Friday, April 28, 2017

4/28/17 Report - Treasure Hunters Cookout Saturday. Detectors Below Cost. Antiquities As An Investment. Keeping the Joy in Treasure Hunting. Fort Pierce Beach Renourishment.

Written by the TreasureGuide for the exclusive use of

That is this weekend, so don't miss it.  

Kellco claims they will be making the following special offer only for those attending the cookout this year.  


Darrel S. (Strickland) wanted to make sure that no one confuses him with Darrell Miklos of the Cooper's Treasure TV show.


Andre H. needs a battery compartment cover/door for a Minelab Sovereign.  If you have one that you can provide at a reasonable price, let him know at


I once did a comparison of prices for some reales and escudos as they sold years ago and then again more recently.  My conclusion was that while some did appreciate, overall they weren't especially great investments from a purely economic perspective.  Of course, most of us like history and old things, including coins, so any price appreciation is only icing on the cake.

I ran across a study on price appreciation of antiquities.  The study was written by Neil Brodie of the Archaeology Center of Stanford University in 2009.  It was published as a work in progress, but I haven't found any follow-up studies published after the 2009 article.

The article says, The belief that antiquities might prove good vehicles for investment first took hold in the 1970s (Nørskov 2002, 291-292), at a time of high inflation, when it was thought that tangible assets might hold their value better than the more traditional financial ones...

I'll jump to the conclusion.

Antiquities are not guaranteed to hold their monetary value over time. Price fluctuations are caused by uncertain supply and idiosyncratic demand. It follows that the best opportunities for profit will exist at the information nexus, at the point where information about supply can be matched to information about demand. In other words, most money will be made by knowledgeable intermediaries – the antiquities dealers. At 1975 prices, between purchase at Sotheby’s in 1979 and sale at Sotheby’s in 1997 the British Rail glass appreciated in value by £190,849 (though subject to costs of insurance and curation). From the two sales, Sotheby’s would have earned £111,179 from buyer’s commission alone, with perhaps an equivalent amount earned from seller’s commission. 

There are a lot of risks associated with investing in antiquities.  For one thing, you never know when a new hoard will be discovered that will make a certain type of item more common and less valuable.  There are also unpredictable changes in taste or demand.  For a while one type of item will be highly sought, and then it will be something else.

The market for any type of item can change for a variety of  reasons.  Who would have ever guessed how the internet and online auction sites would so dramatically change the market for collectible books and bottles. I saw it happen, and it only took a few years.  You usually can't predict those kinds of things.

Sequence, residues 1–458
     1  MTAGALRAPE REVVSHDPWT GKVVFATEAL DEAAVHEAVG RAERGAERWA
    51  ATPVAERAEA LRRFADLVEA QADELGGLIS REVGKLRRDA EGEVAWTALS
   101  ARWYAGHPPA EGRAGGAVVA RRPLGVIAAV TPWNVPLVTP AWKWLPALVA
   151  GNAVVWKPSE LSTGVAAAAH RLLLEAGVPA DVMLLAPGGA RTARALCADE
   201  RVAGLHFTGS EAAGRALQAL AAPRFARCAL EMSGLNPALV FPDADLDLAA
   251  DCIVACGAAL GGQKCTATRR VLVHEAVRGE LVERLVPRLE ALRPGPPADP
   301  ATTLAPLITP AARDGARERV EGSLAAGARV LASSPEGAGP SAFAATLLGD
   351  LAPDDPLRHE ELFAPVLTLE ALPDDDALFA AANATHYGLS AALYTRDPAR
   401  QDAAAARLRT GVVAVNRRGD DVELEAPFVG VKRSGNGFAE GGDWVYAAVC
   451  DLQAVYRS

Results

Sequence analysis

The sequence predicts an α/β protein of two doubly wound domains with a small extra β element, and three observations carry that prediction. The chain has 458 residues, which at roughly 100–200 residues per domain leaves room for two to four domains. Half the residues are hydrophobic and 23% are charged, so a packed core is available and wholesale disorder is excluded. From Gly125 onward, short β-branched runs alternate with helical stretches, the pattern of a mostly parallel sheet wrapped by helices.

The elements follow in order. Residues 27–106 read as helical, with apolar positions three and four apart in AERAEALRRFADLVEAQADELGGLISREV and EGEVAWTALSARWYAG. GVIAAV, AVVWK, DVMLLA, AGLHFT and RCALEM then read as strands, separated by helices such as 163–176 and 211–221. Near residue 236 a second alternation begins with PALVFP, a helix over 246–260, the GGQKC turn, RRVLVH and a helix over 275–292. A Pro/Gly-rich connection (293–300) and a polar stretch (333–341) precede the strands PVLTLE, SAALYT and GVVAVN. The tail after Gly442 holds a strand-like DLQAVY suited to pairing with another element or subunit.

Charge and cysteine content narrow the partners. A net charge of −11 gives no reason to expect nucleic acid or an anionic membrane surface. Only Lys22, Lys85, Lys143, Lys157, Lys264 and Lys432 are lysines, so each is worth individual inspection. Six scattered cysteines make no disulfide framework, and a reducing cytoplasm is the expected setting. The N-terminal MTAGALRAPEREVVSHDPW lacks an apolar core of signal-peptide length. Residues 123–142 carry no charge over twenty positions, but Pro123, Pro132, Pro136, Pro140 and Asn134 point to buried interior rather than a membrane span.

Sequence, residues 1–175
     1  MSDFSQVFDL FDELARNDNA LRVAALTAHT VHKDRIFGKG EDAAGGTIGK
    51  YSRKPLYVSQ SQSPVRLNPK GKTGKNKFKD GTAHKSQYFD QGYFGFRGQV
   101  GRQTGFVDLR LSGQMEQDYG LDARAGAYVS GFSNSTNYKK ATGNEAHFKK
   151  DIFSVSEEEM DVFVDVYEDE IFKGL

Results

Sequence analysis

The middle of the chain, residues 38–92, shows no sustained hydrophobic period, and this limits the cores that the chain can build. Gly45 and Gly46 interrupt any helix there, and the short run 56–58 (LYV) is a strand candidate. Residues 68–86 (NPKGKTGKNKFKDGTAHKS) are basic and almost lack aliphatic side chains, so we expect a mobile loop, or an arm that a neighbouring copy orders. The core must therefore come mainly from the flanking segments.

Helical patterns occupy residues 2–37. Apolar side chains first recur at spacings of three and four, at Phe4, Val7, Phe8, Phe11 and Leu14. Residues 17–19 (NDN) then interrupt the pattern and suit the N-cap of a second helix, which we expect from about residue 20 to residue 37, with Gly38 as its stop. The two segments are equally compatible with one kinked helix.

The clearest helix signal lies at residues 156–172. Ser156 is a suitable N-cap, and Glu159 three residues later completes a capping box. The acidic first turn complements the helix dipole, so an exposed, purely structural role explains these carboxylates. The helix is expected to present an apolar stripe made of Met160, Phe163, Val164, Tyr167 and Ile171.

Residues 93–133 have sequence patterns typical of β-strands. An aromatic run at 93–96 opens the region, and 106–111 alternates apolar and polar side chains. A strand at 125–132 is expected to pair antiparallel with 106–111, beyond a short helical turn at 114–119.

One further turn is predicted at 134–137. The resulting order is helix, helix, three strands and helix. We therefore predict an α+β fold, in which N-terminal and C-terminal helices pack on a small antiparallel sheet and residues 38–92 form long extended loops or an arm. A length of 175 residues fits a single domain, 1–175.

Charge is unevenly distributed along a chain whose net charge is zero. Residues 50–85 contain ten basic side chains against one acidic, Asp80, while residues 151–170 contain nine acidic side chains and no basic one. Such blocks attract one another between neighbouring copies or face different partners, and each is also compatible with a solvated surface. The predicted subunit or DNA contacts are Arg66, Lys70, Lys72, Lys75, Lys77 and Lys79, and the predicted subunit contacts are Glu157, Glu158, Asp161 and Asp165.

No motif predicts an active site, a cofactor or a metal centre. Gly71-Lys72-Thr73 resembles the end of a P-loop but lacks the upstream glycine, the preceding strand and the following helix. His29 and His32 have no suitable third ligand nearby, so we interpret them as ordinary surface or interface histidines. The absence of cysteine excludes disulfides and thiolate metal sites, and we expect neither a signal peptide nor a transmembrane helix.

There is also the political and cultural aspect.  Laws and attitudes can change.  Laws have been made about items made of ivory, for example.  And some judge might determine that certain types of items belong to a another country and should be returned.  It is an uncertain and risky investment class, but aren't they all.

Here is the link for the Brodie article if you want to look into it a little more deeply.


Every once in a while a phrase sticks in my mind, and I think it is something I should write about. A few days ago the phrase that stuck in my mind was, "If you do it, love it."

What that phrase means to me is that if you are going to do something, you might as well enjoy it to the max.  Don't depend upon events to make you happy.  If you are talking about metal detecting, that translates to, don't depend upon finds for all of your treasure hunting enjoyment.  Take it all in and enjoy every bit of the search, including the downs as well as the ups.

There have been times when I set goals and was determined to meet them.  If I didn't meet my goals, it affected my mood.  I was pretty grumpy when I failed.  That didn't do me any good.

If you are hunting on a beach, enjoy the ocean.  Enjoy the beach.  Enjoy those around you.  It won't make you any less effective, and it might actually help you stick it out when you aren't finding much.

In treasure hunting there will be ups and downs.  Things will go wrong.  But the one thing that doesn't have to be down is your mood.

Life is too good and too short to waste.  And when you get down to it, there is no treasure worth life itself.  Soak it in and make the most of it.


No changes in the surf.  It is calm.  We are having those nice low tides though.

Beach renourishment has begun at Fort Pierce.  Beautiful isn't it.

Beach Renourishment at Fort Pierce South Jetty Park.

I have some interesting finds to post tomorrow.

Happy hunting,